2. Apologies for the pedantry, but I think you may mean disenchanted, not disenfranchised.

  3. Crusader: Yes, certainly disenchanted.
    Westerby: Yes this has been out there for a long time. Its a bit difficult demanding a DNA test from someone who may be totally innocent.
    On the other hand stranger things have happened in Thailand and if he is innocent and willing to submit this line of thought will go away.More recently the informant supplied information which made it necessary to rule his allegations out if nothing else

  4. Having heard how DNA samples were obtained in order to confirm Bin Ladens identity how hard would it be to do same in this case?

  5. I knew Andy Gill and Mam. She was coerced by the police into saying she took money, not a judge, that was paid by Andy's father to secure his release.

    Discussion has long centered on the tourist policeman who calls himself T (name removed). He once attempted to ""help"" me when I was very drunk in a bar, but luckily the other foreigners there would have none of it. T's help often involved losing a lot of money one way or the other to the police.

    Clearly Kirsty's killer has police protection — otherwise why would an Englishman be arrested when the DNA was Asian?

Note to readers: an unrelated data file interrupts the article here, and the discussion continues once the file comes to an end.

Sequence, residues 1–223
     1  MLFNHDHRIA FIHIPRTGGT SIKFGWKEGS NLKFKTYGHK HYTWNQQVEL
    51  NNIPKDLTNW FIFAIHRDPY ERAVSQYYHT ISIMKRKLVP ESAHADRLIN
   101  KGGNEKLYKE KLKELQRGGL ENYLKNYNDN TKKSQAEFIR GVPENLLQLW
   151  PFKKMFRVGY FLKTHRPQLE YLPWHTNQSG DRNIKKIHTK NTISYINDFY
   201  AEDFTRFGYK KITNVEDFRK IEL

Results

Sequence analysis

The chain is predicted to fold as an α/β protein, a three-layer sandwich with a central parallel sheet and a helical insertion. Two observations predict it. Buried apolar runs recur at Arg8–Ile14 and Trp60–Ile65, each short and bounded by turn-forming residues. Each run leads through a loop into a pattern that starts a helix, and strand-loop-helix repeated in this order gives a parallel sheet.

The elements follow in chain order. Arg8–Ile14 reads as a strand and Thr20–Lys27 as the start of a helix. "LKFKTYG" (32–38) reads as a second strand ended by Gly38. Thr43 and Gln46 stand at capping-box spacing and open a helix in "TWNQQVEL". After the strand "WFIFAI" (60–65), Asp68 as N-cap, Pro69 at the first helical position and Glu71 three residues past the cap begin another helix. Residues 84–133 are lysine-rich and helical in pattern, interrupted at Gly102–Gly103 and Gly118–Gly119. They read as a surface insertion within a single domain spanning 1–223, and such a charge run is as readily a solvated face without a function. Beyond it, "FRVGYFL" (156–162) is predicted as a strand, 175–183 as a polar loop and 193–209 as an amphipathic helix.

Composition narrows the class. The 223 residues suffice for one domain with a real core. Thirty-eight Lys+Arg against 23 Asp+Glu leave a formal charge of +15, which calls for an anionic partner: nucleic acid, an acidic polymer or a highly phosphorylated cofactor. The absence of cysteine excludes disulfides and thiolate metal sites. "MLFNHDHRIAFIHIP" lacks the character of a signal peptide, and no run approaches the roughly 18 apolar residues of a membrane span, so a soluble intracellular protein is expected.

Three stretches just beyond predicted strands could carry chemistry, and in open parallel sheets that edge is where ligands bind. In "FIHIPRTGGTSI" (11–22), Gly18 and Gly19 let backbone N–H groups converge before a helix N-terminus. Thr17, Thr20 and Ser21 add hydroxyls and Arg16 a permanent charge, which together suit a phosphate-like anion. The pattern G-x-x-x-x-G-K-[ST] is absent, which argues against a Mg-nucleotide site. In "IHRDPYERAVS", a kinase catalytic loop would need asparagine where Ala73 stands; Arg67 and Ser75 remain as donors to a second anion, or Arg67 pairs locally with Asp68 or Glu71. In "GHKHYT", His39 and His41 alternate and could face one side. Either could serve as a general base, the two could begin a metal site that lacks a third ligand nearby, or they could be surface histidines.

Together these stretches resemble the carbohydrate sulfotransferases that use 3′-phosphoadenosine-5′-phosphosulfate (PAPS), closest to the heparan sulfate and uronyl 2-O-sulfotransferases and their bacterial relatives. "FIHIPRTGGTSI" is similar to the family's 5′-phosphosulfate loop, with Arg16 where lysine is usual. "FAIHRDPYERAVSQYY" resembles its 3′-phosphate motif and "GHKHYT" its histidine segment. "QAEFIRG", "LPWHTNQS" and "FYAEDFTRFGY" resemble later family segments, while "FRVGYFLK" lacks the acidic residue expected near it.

If T was at the Aree Guest house that night before her body was discovered, this is indeed a bad sign

  6. Yes. Mem told me that too. But the Provincial police went on the offensive with me when I produced copies of the cash transactons from the father. Suffice it so say Dad did not get his money back

  7. And thank you Andrew for keeping this case alive. What has it been now — 11 years?!

    If the fellow you say could be ""mendacious"" is the same one I'm thinking of, I would characterize him more like freaked out. What on earth he was doing hanging around with the tourist policeman T, I don't know, but he certainly came to believe that he was in possession of information that would solve the murder of Kirsty Jones.

    I recall a thread running on the Citylife magazine website about six years ago when this guy was trying to make his information known.